If you have a self-propelled lawn mower or push mower, the first thing you want to do is check for spark and fuel. Start off by removing the spark plug and see if there is any fuel on the end of the plug. Next, attach a spark tester to it. If you don’t have a spark tester, you can leave the spark plug attached to the spark plug wire and lay the spark plug on the metal part of the engine and either video tape the spark or use a mirror in front of the lawn mower to help visually see any spark.

If you have spark and are not getting any fuel, then a carburetor problem is the likely culprit. If you have no spark but are getting fuel, then your ignition magneto is bad or something is grounding out the kill wire. The kill wire is the black wire that connects to the spade connector on the ignition magneto and is routed to the kill switch that is activated when you release the safety bail.

If your lawn mower has sat over the winter, the fuel is bad and will need to be drained and new fuel put in the tank. The carburetor may also be gummed up by that old fuel so it may need cleaned as well.

Riding lawn mowers are basically the same to troubleshoot. But with a riding lawn mower, be sure that the battery is completely charged and that the main fuse is good and not blown. If you turn the key over and nothing happens, you either have a battery issue, a bad key switch or wiring, a starter solenoid that is bad, a bad negative cable ground or a safety switch that is not working.

If your lawn mower will still not start, a VERY SMALL amount of starting fluid can be sprayed into the carburetor venturi after the air filter has been removed. If the engine does fire, then you know for sure that you have a fuel problem and there is none going through the ports in the carburetor.

Just remember, an internal combustion engine needs fuel/air mixture, spark and compression to work properly. If you have all of those and the engine timing is correct (you didn’t hit something with the lawn mower blade on push and self-propelleds), your engine should run.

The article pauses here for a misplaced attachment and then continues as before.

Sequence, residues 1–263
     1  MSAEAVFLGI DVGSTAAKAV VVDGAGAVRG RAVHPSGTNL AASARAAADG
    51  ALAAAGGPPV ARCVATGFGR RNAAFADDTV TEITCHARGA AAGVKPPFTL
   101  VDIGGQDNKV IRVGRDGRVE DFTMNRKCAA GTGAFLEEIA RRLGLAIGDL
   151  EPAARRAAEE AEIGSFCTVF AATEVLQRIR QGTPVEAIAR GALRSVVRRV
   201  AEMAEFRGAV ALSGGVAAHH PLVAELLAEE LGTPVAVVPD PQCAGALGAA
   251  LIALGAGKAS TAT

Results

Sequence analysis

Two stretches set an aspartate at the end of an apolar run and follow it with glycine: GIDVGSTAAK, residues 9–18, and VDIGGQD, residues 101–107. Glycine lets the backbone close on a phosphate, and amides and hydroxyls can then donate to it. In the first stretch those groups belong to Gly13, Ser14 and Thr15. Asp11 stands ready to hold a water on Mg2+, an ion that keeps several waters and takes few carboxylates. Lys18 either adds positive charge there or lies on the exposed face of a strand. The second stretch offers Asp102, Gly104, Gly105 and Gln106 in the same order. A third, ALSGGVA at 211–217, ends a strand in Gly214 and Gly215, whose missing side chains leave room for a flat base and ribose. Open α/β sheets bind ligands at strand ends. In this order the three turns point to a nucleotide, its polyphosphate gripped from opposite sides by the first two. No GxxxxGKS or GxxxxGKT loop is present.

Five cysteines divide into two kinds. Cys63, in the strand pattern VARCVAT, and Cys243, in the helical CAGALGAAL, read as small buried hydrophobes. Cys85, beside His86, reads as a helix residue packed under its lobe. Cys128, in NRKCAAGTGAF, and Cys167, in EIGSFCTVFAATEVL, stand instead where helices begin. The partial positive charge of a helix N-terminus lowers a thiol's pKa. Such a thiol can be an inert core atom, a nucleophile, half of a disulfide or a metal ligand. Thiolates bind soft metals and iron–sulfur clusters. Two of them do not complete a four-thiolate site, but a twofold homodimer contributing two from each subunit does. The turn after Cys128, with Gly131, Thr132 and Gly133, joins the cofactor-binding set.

Hopefully this gets you pointed in the right direction to get your lawn mower will not start troubleshooting issue resolved quickly.

 

 

How To Start a 4-Cycle Small Engine When it is Cold

When the weather dips below freezing, most 4-Cycle small engines are much harder to start. Ignition is much more difficult when fuel is cold and the natural vapors are not as expansive as when fuel is warm. Cylinder pressures are lower because the oil does not seal the cylinder well when it is cold. The piston rings contract on the pistons and don’t expand until they begin to heat up.

Here are some tips that will help make starting your 4-Cycle engine easier in extreme cold weather.

  1. If you have a way to warm the engine such as with an electric heater, warm it for 30 minutes prior to starting.
  2. An oil dipstick heater or block heater is another great way to warm the engine prior to starting.
  3. Spray a small amount of starter fluid into the intake after the air filter has been removed and keep the choke closed for a little longer while the engine warms up.
  4. Make sure to have the correct engine oil during cold times of the year. 10W30 is good to 0 degrees and anything colder than that requires 5W30 or a good grade full synthetic.

By heating up the engine and using a small shot of starting fluid, your engine should start fairly easily in even the most extreme weather conditions.

 

My Lawn Mower Dies After Starting

This is one of the most common things that happens to a lawn mower. You pull the rope or turn the key and it starts and then dies quickly. It may run for a few seconds or less than a minute and then it dies as if you flipped a switch.